In the churchyard by the church near my grandmother’s house, there’s a tombstone with an inscription that’s haunted me since I was a child. It marks the grave of a woman called Elizabeth who died, as I remember, in the 1920s. Elizabeth married young, had five babies in five years, then died well before she reached 30. The epitaph on her stone: ‘She did her duty.’I often find myself thinking about Elizabeth and how different her cold and stoic age was to ours.
Ten years ago, I had a strange debate about faith with a famous Jesuit and an agnostic psychoanalyst in a monastery on a cliff-top in Syria. At the time I thought I’d made some valuable additions to the discussion. The notes I took then record my own contributions with horrible precision. Looking back on it, I was just an observer.
Time running out to sign up for health insurance By Mary Wakefield from Grand Forks Today at 7:07 a.m.Years ago, I worked as a nurse in North Dakota hospitals. It was not uncommon to meet farm families or young adults who were unable to get health insurance and were worried about their ability to get and pay for needed health care. This problem is serious because research clearly shows that going without insurance coverage can cost lives.
Muck Rack makes it simple to find people, tweets, or articles that mention any name, keyword, company, hashtag etc. We've compiled this guide to help you make the most of your search.
Selecting a term
Start searching tweets, articles from media outlets, articles mentioned in tweets, journalists'
names, titles and bios with some suggested searches:
Companies or Topics (e.g. iPhone, Microsoft)
Phrases (e.g. "cloud computing") — use quotes to keep the terms together
Twitter handles (e.g. @username) — returns those who have mentioned or replied to
Names (e.g. "David Pogue")
Hashtags (e.g. #sxsw, #london2012)
Bio details (e.g. vegan, Olympics, father)
Muck Rack's Advanced Search allows for many boolean operators.
Find results that mention multiple specified terms, use AND or
+. For example, ensure each result contains both Elon Musk and Mark Zuckerberg by
searching Musk AND Zuckerberg or Musk + Zuckerberg.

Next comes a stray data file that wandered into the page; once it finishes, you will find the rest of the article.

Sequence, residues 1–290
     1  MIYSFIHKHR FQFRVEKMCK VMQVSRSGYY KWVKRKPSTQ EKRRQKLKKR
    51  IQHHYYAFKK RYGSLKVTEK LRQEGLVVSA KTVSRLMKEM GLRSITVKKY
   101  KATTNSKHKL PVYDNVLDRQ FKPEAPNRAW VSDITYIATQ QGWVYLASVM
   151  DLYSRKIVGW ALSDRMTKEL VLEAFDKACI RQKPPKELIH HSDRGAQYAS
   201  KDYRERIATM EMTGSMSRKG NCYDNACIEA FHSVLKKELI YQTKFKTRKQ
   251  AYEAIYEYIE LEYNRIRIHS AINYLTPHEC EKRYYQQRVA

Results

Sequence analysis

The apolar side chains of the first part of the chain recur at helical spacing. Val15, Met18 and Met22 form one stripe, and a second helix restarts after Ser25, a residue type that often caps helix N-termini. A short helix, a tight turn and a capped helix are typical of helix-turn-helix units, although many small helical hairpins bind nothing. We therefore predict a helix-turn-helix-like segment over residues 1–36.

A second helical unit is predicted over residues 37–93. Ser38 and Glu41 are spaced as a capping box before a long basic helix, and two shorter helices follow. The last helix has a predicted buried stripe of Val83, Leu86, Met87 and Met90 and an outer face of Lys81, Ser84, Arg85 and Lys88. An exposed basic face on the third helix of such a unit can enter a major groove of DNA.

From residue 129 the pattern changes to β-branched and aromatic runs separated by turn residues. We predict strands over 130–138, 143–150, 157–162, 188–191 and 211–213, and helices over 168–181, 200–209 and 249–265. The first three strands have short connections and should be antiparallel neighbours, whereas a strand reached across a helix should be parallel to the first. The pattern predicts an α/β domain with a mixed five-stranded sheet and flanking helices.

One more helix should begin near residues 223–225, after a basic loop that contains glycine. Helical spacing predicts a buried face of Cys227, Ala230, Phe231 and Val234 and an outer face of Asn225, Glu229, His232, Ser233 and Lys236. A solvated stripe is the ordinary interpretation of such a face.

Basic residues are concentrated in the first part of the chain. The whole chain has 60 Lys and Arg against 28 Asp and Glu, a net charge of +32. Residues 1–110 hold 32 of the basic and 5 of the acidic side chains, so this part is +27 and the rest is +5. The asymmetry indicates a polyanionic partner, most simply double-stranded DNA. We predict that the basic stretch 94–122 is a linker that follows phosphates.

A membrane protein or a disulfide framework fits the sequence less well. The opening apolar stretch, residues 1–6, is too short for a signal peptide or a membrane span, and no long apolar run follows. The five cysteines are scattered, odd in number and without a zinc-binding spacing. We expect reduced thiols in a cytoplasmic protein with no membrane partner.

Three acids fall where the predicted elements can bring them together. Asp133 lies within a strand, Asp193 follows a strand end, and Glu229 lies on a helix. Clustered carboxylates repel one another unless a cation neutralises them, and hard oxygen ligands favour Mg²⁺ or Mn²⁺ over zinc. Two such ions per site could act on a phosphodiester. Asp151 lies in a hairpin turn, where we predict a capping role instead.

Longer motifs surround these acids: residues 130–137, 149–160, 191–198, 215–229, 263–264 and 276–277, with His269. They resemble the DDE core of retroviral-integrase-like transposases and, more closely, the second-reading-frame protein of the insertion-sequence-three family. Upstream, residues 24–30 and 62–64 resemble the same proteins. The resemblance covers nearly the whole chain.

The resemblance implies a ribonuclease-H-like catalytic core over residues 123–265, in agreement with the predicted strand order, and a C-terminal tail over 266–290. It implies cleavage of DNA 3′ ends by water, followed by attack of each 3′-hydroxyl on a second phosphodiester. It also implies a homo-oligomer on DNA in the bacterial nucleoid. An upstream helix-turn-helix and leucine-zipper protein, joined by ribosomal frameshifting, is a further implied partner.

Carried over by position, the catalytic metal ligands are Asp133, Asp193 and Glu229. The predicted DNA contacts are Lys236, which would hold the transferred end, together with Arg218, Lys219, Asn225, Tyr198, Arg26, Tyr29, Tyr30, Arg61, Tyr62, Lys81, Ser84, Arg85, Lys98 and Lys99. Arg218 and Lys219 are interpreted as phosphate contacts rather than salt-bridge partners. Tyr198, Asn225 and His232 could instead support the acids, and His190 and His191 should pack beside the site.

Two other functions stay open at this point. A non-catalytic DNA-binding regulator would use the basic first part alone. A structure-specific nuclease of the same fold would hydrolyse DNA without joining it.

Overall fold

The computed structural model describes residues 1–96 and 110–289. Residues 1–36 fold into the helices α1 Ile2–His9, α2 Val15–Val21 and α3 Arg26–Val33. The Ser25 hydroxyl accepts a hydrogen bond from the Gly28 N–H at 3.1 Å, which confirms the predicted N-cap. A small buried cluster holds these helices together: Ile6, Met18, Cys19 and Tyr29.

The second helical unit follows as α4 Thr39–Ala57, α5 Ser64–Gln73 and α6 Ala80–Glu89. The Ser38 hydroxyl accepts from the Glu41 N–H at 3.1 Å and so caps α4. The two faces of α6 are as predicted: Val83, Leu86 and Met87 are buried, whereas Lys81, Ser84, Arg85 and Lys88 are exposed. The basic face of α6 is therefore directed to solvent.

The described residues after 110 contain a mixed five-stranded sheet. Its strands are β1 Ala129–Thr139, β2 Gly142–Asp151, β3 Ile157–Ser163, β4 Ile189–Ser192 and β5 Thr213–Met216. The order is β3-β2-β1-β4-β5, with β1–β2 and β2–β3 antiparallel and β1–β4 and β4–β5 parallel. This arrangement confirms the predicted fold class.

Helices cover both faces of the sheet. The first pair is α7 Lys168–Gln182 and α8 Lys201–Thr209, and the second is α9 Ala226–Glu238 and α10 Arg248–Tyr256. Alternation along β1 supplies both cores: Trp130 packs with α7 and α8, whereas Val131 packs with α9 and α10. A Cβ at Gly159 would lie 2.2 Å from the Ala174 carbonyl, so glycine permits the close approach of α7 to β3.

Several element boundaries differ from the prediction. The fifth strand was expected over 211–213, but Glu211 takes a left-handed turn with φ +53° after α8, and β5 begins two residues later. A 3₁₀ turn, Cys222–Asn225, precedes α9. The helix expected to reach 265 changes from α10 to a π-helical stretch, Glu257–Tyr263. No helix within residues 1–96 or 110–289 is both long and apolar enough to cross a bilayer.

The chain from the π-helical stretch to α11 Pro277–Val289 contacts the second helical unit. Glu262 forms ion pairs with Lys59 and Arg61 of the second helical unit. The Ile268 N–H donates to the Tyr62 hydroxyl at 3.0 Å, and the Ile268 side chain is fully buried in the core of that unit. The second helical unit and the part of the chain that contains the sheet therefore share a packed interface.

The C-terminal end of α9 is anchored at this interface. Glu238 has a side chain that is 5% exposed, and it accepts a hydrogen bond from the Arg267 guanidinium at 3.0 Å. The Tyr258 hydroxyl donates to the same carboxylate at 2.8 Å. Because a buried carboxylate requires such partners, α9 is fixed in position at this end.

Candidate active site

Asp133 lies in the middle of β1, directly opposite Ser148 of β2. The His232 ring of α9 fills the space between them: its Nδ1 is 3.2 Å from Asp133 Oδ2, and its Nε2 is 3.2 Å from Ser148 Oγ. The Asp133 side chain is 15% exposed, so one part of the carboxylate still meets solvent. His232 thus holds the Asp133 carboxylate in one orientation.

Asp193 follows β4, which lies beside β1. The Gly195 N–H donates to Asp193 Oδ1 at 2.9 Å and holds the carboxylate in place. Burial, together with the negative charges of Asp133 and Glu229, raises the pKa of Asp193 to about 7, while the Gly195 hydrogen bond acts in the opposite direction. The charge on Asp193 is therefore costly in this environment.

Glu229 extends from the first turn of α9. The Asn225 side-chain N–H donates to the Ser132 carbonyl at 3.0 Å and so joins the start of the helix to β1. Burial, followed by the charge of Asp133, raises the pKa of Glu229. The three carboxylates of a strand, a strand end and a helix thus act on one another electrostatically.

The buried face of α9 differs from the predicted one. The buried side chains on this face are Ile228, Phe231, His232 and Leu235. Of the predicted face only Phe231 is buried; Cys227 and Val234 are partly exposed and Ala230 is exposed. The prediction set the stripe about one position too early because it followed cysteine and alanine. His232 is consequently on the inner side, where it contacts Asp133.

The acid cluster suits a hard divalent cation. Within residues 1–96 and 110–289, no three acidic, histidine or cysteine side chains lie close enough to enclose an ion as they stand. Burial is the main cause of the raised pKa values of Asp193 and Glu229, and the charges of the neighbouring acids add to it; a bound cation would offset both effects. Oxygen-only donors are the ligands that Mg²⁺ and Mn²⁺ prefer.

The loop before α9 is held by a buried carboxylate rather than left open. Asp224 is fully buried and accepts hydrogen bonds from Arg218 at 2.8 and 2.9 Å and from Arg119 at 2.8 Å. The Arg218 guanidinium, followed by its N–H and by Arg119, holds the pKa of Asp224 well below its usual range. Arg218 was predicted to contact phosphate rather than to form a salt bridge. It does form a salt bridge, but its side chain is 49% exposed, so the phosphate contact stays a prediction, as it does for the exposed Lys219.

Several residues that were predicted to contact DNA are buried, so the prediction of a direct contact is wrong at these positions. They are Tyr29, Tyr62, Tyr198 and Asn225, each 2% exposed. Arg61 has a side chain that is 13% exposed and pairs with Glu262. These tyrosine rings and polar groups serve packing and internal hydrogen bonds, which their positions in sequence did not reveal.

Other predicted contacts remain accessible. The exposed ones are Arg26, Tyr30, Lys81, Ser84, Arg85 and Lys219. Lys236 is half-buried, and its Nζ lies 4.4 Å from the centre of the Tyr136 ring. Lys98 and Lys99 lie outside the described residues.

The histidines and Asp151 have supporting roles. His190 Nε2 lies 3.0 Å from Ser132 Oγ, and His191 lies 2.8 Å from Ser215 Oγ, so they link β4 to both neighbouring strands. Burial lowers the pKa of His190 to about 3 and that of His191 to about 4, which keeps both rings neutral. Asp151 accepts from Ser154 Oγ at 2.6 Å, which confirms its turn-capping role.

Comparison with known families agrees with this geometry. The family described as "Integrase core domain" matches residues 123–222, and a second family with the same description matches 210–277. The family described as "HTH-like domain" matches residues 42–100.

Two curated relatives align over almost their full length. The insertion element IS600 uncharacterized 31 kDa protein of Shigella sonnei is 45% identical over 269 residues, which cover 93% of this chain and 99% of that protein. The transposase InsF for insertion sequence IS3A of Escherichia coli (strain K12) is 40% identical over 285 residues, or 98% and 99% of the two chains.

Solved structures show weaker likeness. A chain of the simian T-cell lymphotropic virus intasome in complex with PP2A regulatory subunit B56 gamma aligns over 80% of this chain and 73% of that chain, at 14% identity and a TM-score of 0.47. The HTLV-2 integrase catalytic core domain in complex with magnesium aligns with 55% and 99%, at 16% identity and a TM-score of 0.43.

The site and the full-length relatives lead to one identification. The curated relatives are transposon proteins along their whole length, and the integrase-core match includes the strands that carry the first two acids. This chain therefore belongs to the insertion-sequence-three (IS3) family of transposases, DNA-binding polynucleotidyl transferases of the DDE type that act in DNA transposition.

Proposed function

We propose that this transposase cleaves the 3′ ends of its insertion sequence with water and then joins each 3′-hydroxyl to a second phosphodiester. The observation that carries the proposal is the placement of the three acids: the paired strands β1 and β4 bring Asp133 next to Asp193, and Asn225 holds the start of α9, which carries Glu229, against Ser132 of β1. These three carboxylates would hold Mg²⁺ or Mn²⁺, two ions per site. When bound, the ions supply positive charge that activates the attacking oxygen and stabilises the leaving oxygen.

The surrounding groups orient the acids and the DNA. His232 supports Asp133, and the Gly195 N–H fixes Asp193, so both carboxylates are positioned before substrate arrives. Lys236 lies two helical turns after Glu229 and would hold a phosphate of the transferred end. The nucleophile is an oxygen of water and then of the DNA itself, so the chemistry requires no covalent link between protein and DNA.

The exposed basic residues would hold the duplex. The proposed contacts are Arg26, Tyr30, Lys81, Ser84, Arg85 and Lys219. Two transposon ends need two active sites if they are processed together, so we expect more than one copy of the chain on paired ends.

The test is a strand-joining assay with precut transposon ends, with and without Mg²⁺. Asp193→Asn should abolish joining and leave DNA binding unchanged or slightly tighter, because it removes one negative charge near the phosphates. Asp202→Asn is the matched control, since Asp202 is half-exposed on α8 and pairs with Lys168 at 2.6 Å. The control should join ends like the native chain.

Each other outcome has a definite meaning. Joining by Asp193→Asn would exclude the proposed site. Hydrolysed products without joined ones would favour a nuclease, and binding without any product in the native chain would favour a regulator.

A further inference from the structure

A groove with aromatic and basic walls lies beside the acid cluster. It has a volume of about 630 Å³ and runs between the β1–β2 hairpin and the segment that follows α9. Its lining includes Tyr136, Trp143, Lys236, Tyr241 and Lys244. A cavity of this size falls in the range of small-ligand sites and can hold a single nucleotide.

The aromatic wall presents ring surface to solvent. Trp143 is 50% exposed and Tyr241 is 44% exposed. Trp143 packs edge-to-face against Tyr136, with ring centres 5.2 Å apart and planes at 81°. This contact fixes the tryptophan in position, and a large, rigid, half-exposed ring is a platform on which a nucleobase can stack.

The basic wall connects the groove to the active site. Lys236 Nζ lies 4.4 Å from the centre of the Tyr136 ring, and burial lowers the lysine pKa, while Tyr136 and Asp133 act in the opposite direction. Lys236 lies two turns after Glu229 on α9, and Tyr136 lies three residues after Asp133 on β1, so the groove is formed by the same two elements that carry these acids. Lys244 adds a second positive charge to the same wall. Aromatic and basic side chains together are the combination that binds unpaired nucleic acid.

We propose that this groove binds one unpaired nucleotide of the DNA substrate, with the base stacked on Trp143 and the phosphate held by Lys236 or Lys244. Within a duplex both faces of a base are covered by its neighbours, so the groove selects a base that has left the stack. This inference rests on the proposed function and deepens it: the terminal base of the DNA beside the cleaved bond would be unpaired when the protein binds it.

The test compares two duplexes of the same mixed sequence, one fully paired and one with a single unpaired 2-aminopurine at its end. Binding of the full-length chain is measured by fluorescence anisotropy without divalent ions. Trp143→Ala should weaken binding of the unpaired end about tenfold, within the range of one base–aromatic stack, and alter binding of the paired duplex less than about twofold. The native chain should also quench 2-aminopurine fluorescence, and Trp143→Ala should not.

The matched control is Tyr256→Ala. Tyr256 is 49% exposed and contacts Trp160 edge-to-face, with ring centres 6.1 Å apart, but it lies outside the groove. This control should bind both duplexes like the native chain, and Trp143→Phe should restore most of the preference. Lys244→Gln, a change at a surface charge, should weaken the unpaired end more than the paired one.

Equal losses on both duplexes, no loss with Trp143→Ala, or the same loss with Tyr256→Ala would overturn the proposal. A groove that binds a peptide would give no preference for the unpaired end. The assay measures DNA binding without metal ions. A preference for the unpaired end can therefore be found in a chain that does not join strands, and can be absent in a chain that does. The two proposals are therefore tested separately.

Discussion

Use the operators OR or , to broaden your search when you'd like either of
multiple terms to appear in results. (This is the default behavior of our search when no operators
are used). For example, results will contain either cake or cookie by searching cake OR cookie or cake,cookie
Use NOT or - to subtract results from your search. For
example, searching Disney will yield results about the Walt Disney Company as well as Walt Disney
World Resort. To exclude mentions of Disney World, search for Disney -World or Disney
When using one of these operators with a phrase, enclose it in quotation marks. For example, you can
find results about smartphones excluding Apple's iPhone 4S by searching smartphone -"iPhone
Exact case matching or punctuation
If you're searching for a brand name or keyword that relies on specific punctuation marks or capitalization, you can
find results that match your exact query by adding matchcase: before the keyword you're searching for, like matchcase:E*TRADE .
Use parentheses to separate multiple
boolean phrases. For example, to find journalists talking about having fun in Disney World or
Disneyland, search for ("disney world" OR disneyland) AND fun.
An asterisk can be used to search for any variation of a root word truncated by the asterisk. For example, searching for admin* will return results for administrator, administration, administer, administered, etc.
A near operator is an AND operator where you can control the distance between the words. You can vary the distance the near operation uses by adding a forward slash and number (between 0-99) such as strawberries NEAR/10 "whipped cream", which means the strawberries must exist within 10 words of "whipped cream".